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The (im)materialities of borders

Olga Demetriou and Rozita Dimova UGent (2017) Rethinking Borders Series.
abstract
In this edited volume, we want to examine borders as a political condition. What ties nation-state borders of the last century to the salience of mental and physical (even if, due to technology, ‘unseen’) barriers is an underlying arrangement that mediates between the various materialities that produce and maintain them. These may be the translation of objects to affect, physical structures to conditions of movement, legal provisions to life choices, political maps to ideology, and so on. The volume consists of ethnographic and philosophical explorations of this mediation, to throw light on the interaction between the materiality of state borders and the non-material aspects of state-making. We therefore explore materiality as a political site. Discussion has all too often proceeded from the assumption of a border as a smooth line of separation to question the manifestations of governing difference and connection within the state. The fact that the state apparati congealing around a border actually hover between materiality and ideology in the forms of nation-state ideologies, territorial claims, or discourses of community, should alert us to the need for closer scrutiny of borders as key structures in this mediation between materiality and abstraction. This is a question that political philosophy seems to have forgotten to apply to borders, by contrast to buildings, documents, films, statues, markets, or arcades. The scrutiny of capitalism, liberalism, and sovereignty, needs to take the border into account, most obviously because it is a node between the levels such scrutiny tries to connect: state, inter-state, local, supra-national, global, etc. In pointing this out we also want to address the failure in border studies to look beyond the connections between state, territory, sovereignty and space. Hence, our question here is how these connections produce frames of governance anew. How does the border come to be a process? How do borders have presence if they are not seen? How different is this presence from that of the border which is seen, even feared, celebrated, or enjoyed? At those instants when a particular space is imagined as a border, it is a political imagination that is at work. It is not only border guards, passport scanners, or stamps that enact the state at those points. It is also bodies, thoughts, gestures, comportment. The relation between one and the other is one of dependence, and it is this dependence that often falls by the wayside when we preference one viewpoint over another. Moreover, this dependence creates ‘publics’, both at the border and in the heartland of states and communities: xenophobic, or anti-racist if the dependence is rooted in the securitization of migration; tourist, or consumerist if the dependence is centred on the enjoyment of the border; tax-paying or utility-dependent if the border is invested with infrastructure or delimits the extension of power and water grids. Scrutinising how these materialities of soil, water, buildings, grids, paper, are shaped by and reproduce borders, sheds new light on the proposition that borders extend everywhere.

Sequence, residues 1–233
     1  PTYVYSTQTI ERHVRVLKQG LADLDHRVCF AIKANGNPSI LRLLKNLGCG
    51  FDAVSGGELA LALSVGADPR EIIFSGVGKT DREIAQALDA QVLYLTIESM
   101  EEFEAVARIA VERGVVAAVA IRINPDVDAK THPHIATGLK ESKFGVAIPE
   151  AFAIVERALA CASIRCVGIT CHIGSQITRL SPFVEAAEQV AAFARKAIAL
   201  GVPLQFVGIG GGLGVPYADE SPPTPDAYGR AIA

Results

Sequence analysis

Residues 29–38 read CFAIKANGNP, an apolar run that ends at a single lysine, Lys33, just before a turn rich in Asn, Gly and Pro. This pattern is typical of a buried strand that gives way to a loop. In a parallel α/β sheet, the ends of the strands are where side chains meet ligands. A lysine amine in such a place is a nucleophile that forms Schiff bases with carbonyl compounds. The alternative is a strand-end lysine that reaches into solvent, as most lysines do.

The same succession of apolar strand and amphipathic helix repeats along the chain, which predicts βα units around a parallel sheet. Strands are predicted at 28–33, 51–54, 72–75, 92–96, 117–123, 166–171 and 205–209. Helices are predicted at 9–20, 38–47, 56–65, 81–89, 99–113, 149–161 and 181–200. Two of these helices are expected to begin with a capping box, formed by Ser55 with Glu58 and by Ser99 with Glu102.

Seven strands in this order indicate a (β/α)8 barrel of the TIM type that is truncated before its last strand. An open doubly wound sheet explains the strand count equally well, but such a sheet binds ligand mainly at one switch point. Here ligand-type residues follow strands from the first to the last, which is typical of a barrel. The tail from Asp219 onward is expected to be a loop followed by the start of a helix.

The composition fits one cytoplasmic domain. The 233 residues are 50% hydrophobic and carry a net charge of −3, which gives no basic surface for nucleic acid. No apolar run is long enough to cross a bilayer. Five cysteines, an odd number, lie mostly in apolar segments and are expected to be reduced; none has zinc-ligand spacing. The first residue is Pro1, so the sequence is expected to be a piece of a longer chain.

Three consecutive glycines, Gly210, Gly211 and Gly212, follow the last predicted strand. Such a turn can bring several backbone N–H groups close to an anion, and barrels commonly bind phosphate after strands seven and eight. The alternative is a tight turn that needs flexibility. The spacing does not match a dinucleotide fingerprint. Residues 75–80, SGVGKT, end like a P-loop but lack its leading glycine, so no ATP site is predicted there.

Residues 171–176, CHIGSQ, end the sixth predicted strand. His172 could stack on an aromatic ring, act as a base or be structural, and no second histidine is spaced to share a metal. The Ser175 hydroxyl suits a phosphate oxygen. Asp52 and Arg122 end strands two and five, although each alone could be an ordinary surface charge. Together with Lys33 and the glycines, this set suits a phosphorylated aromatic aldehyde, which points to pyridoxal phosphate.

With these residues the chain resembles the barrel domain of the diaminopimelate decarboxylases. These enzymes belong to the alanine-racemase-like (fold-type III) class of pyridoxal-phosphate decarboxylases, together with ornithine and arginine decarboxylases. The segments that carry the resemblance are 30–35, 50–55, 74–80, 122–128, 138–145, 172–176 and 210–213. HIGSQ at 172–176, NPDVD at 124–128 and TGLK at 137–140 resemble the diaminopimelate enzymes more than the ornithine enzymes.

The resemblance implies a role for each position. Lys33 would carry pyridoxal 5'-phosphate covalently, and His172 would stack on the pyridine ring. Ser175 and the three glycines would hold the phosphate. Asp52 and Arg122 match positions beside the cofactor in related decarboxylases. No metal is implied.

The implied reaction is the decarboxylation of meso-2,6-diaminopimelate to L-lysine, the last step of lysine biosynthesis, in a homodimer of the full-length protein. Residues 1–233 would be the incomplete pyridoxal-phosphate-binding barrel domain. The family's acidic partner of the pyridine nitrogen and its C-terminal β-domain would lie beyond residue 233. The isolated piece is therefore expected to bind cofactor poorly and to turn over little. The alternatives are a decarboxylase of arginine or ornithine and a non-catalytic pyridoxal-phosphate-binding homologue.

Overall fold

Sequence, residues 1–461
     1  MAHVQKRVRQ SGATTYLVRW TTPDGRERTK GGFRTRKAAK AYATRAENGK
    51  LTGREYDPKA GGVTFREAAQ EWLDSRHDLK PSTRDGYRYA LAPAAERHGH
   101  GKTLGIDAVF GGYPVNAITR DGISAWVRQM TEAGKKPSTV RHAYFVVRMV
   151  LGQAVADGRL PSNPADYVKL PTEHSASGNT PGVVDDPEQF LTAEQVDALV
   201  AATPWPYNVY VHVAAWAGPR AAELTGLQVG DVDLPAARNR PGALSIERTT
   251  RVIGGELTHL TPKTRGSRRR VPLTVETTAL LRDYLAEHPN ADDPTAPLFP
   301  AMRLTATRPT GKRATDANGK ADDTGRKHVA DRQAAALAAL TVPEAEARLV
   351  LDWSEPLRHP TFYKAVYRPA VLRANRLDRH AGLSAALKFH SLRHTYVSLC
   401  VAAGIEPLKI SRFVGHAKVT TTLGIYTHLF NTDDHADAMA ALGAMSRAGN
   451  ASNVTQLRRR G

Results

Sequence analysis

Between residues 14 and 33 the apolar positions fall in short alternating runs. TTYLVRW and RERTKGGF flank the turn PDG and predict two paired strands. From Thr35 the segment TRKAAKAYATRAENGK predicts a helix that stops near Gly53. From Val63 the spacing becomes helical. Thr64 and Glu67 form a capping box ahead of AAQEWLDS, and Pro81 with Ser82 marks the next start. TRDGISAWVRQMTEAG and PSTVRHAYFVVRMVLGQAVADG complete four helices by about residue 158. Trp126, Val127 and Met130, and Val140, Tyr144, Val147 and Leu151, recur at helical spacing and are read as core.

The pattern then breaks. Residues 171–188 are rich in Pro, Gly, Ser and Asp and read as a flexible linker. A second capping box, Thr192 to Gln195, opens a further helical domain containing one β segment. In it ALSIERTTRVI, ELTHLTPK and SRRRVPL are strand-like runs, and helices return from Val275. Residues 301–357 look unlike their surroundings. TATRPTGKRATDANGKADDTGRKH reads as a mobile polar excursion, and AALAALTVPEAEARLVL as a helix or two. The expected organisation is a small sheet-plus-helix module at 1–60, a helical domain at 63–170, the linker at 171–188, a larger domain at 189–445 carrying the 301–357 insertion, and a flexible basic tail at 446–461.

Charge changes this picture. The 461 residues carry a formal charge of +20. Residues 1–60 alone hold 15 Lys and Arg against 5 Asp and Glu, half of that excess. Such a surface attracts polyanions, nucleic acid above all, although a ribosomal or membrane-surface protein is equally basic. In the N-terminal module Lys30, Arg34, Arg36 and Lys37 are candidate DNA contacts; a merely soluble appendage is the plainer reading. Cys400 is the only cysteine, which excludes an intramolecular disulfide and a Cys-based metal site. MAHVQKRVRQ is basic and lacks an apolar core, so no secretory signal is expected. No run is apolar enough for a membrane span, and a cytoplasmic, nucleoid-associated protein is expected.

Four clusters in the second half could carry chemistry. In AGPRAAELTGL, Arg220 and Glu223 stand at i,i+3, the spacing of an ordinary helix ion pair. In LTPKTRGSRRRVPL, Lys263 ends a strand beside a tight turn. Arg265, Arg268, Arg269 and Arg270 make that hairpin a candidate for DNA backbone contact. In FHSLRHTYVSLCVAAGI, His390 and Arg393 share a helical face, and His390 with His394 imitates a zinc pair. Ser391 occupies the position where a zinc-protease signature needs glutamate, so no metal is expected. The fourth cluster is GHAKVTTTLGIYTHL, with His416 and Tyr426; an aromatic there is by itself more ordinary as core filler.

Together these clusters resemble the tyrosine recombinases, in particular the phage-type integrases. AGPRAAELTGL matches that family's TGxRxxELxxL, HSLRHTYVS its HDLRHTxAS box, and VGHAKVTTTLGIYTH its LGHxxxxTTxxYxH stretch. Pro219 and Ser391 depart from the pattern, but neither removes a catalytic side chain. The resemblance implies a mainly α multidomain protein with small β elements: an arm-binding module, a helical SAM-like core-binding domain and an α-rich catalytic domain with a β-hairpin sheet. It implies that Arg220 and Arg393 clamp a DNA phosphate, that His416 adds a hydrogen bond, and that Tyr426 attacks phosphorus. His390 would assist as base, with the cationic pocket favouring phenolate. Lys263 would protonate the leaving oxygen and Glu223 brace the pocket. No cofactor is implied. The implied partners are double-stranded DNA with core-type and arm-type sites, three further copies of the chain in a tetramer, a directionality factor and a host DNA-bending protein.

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editor
Olga Demetriou and UGent
organization
year
type
bookEditor
publication status
unpublished
subject
keyword
politics, materiality, ideology, nation-state, borders
series title
Rethinking Borders Series
publisher
Manchester University Press
place of publication
Manchester, UK
language
English
UGent publication?
yes
classification
B3
id
8065973
handle
http://hdl.handle.net/1854/LU-8065973
date created
2016-09-06 14:10:56
date last changed
2017-01-02 09:54:22
@book{8065973,